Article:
Humour and Heart

Anne & Gilbert, the Musical

Review by Sean McQuaid

Your shopworn showman was surprised to hear that Anne & Gilbert, the Musical was moving to Charlottetown, literally right across the street from ceaseless summer institution Anne of Green Gables—The Musical™.

It’s the ultimate (red)head-to-(red)head theatrical showdown. One can almost picture the two shows’ casts facing off in the street, menacingly finger-snapping à la West Side Story until they descend upon each other in a blur of smashed slates and broken brain pans, the corner of Queen and Richmond crimson with gore and raspberry cordial.

Back in boring old reality, however, it’s all peaceful coexistence so far. The elder show’s backers even bought ad space in the upstart production’s program. All very tediously civilized, though it doesn’t diminish the sheer chutzpah of new show A&G competing against Big Red on her home turf, and doing it with style.

Composed by Bob Johnston and Nancy White with book and additional lyrics by Jeff Hochauser, Anne & Gilbert, the Musical is based on stories and characters from Lucy Maud Montgomery’s classic Anne of Green Gables novels, particularly Anne of Avonlea and Anne of the Island. Those two books chronicle Anne’s young adulthood, as opposed to the childhood featured in Anne of Green Gables – The Musical.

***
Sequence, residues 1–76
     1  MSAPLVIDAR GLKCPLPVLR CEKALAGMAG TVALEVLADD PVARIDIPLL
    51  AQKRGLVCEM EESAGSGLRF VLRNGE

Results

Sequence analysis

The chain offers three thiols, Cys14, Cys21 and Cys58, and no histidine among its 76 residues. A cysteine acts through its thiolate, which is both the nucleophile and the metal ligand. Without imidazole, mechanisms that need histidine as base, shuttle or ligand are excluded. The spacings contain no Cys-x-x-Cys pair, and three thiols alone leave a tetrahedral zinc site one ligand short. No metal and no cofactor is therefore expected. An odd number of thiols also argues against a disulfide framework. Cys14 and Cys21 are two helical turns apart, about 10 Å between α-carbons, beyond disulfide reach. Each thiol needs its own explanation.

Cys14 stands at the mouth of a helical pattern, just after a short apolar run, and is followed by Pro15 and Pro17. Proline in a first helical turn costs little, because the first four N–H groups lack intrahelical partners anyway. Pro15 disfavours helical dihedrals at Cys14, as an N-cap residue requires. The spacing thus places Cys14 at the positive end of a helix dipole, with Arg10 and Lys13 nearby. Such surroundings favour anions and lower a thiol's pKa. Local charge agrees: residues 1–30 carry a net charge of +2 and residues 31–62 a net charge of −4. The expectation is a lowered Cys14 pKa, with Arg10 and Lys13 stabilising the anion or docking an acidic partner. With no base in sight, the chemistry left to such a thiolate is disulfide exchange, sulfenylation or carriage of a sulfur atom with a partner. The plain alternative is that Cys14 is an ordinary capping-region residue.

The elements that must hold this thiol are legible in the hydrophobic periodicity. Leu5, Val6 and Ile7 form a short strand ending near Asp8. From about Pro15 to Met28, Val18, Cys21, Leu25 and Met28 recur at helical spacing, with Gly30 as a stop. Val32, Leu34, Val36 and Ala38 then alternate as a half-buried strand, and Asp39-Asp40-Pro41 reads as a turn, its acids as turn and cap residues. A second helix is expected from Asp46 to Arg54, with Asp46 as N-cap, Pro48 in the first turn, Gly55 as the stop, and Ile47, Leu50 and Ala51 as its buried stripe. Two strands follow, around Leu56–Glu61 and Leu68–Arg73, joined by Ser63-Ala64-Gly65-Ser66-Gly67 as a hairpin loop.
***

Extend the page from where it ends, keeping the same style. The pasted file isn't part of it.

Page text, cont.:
Anne & Gilbert debuted at the Victoria Playhouse in 2005, enjoyed a years-long run at Summerside’s Harbourfront Theatre, and has played on over thirty stages throughout Canada and the USA along the way. Its latest venue, The Guild, represents a double gamble: not only playing next door to the original Anne show, but doing so in a dauntingly compact performance space.

Returning director Martha Irving, her excellent company and the Guild staff rose to the challenge. It’s a breathlessly tight squeeze, with the actors often mere inches away from the front row; but it really works, laws of physics be damned. The show is largely undiminished by its smaller space, every seat in the house has a fine view, and this little-venue-that-could has never looked better.

Sometimes, working around the venue’s spatial limitations is actually an improvement. For instance, there’s no room for Gilbert to “swim” off the stage here as he did in Summerside, but a skillfully-deployed projection of rising water and some synchronized pantomime from Cook help make Gilbert’s aquatic misadventure funnier than ever.

A&G remains a witty, romantic story with a diverse, catchy musical score that offers a somewhat more adult version of Anne, executed here by a top-notch cast. Ellen Denny makes a fine maturing Anne, mixing shades of pensive vulnerability with the character’s customary whimsy, while a charmingly swaggering Patrick Cook might be the best incarnation yet of this musical’s teen heartthrob take on Gilbert.